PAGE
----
“THIS DAY IN CUBAN HISTORY – Birth of Fulgencio Batista”

A publication of the Cuban Studies Institute

Birth of Fulgencio Batista

Ruben Fulgencio Batista y Zaldivar (1901-1973), President of Cuba, 1940-1944 and Strongman, 1952-1958. Born in Banes, Oriente province, on January 16, son of a sugar cane cutter, spent his early years in poverty and attended a Quaker missionary school. After leaving school, he worked as an apprentice tailor, cane field worker employed in a grocery store, barber and rail before joining the army at the age of 20 years. The military gave him the opportunity for a rapid upward climb. As a young ambitious and energetic, Batista studied at night and graduated from the National School of Journalism. In 1928 he was appointed sergeant and assigned as a stenographer at Camp Columbia in Havana. Being at the forefront of the revolt Sergeant September 1933, he won prominence and power. Before year-end Batista had become a colonel and chief of staff of the army. He became a general in 1941.

On 14 January 1934 the only alliance between students and army collapsed, and Batista forced to give the new president Ramon Grau San Martin, to finish the revolution that had begun with the overthrow of Gerardo Machado. Batista emerged as the arbiter of Cuba policy, particularly after the general strike destroyed 1935; He participated in the drafting of the progressive constitution of 1940, and ruled through puppet presidents until 1940, when he was elected himself. Wishing to win popular support, he sponsored an impressive body of social welfare legislation: public administration, public health, education and public works improved. Established rural hospitals, guaranteed minimum wage legislation, increased salaries of public and private employees, and began a program of rural schools under the control of the army. The army received higher wages, pensions, better food and modern medical care, ensuring their loyalty. Batista also legalized the Communist Party of Cuba. On December 9, 1941, after the attack on Pearl Harbor, Cuba led to World War II on the Allied side, and in 1943 established diplomatic relations with the Soviet Union.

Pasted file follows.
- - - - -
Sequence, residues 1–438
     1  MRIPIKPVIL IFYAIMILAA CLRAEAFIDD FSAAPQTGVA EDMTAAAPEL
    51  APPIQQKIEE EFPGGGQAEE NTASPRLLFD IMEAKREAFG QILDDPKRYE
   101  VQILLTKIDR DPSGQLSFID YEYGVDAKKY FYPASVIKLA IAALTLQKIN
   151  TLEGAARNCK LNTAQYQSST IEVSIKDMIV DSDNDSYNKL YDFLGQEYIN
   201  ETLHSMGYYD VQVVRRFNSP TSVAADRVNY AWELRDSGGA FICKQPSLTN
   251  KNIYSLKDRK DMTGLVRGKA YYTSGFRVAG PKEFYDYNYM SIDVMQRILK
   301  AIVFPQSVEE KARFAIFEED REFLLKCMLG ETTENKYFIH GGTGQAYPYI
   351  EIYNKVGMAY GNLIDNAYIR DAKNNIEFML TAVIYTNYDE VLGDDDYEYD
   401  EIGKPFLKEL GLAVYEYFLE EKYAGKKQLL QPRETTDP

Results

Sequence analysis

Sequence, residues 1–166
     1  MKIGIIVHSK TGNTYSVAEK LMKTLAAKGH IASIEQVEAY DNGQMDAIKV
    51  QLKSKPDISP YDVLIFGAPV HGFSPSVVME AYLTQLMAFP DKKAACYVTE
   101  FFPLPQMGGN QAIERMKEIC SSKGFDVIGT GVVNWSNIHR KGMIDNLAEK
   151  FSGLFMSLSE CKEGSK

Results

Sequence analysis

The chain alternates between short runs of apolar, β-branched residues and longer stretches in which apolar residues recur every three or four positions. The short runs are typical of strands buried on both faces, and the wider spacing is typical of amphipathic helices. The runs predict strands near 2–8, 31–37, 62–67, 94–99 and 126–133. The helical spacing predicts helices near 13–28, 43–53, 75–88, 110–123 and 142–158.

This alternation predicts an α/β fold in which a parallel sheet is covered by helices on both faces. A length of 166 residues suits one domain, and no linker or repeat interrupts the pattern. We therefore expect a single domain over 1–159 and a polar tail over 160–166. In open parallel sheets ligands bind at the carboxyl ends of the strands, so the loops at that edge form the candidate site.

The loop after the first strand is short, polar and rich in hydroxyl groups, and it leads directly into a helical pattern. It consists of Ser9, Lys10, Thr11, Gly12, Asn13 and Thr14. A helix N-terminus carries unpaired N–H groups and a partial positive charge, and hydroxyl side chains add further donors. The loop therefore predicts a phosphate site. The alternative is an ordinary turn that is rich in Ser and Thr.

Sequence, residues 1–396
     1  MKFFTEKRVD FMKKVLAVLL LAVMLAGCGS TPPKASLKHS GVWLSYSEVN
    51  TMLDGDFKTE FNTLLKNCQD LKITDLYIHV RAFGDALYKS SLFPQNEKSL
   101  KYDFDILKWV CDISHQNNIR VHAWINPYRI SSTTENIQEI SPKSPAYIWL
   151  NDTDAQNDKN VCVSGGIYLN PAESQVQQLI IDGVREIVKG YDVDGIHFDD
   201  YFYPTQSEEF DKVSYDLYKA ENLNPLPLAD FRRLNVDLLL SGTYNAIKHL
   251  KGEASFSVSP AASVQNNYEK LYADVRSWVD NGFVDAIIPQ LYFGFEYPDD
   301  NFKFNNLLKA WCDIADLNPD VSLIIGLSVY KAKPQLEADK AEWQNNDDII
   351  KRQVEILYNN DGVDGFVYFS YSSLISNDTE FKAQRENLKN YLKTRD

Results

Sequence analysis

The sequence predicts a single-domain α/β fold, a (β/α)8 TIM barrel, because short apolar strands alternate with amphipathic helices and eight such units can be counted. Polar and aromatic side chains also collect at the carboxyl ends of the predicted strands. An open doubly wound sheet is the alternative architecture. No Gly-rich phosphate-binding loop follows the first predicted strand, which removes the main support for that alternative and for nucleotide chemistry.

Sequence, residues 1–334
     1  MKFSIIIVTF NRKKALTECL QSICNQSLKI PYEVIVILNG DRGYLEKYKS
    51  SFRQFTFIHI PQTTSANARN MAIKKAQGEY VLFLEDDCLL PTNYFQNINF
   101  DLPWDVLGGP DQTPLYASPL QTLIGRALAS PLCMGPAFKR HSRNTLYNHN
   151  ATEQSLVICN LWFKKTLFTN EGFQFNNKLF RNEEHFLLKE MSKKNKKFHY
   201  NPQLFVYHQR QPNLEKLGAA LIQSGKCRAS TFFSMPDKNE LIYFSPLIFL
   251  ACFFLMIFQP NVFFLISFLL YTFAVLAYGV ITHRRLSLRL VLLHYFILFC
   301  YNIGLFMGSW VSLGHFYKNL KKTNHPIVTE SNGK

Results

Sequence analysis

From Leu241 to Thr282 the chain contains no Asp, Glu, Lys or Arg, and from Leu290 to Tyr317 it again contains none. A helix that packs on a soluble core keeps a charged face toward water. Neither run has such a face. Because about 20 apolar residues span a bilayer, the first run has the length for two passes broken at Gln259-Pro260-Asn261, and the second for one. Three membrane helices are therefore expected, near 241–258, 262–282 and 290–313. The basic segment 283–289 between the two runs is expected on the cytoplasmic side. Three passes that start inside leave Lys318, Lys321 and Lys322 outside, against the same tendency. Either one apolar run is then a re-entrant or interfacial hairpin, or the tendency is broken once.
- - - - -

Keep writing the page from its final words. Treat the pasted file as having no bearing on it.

In 1944, he allowed free elections and Grau San Martin was elected for a term of four years. After an extensive tour of Central and South America, Batista settled in Daytona Beach, Florida, where he wrote the compendium of his life and politics, Shadows of America (Mexico City: 1946). In 1948, while still living in Florida, he was elected senator for the province of Santa Clara. He returned to Cuba the same year, he organized his own party and announced his candidacy for the presidential elections of June 1952. Perhaps aware that he had little chance of winning, he and a group of army officers overthrew President Carlos Prio on March 10, 1952, they suspended Congress and the Constitution, canceled the elections and dissolved all political parties.

The opposition soon developed, directed mainly by university students and demonstrators rioted often culminating in the failed attack on the Moncada Barracks on July 26, 1953 led by Fidel Castro. Batista seemed determined to stay in power. The fraudulent election in November 1954, was “re-elected” for a period of four years from 24 February 1955. Although Cuba was prosperous, neglected the social and economic problems; corruption and bribery reached unprecedented proportions. Orders new elections were ignored, but the political commitment seemed increasingly unlikely, particularly after the collapse of Civic Dialogue, supporters of violence grew in number. It increased student activism. Fidel Castro returned to Mexico to start a guerrilla war in the countryside. Other groups organized underground in the city. The attack on the Presidential Palace in 1957 by students and supporters of ousted President Prio almost manages to kill Batista; his government faced counter-terrorism, political prisoners were tortured and killed.

In 1958 he had developed a national revolt against the dictator and his methods. Finally, desertions from the army and US opposition precipitated the collapse of the regime. On December 31, 1958, Batista gave the presidency to Carlos M. Stone and Stone and in the early hours of New Year’s Day 1959, flew into exile in the Dominican Republic and then to Madeira, where he wrote several books, including his apology for its divisive role in Cuban politics, Cuba Betrayed, and growth and decay of the Republic of Cuba. Denied entry to the United States, he moved to Madrid, where he died in 1973.

* Jaime Suchlicki is Director of the Institute for Cuban, CSI Studies, a research nonprofit in Coral Gables, FL. He is the author of Cuba: From Columbus to Castro, now in its fifth edition; Mexico: Montezuma to the rise of the PAN, 2nd edition, and A Brief History of Cuba.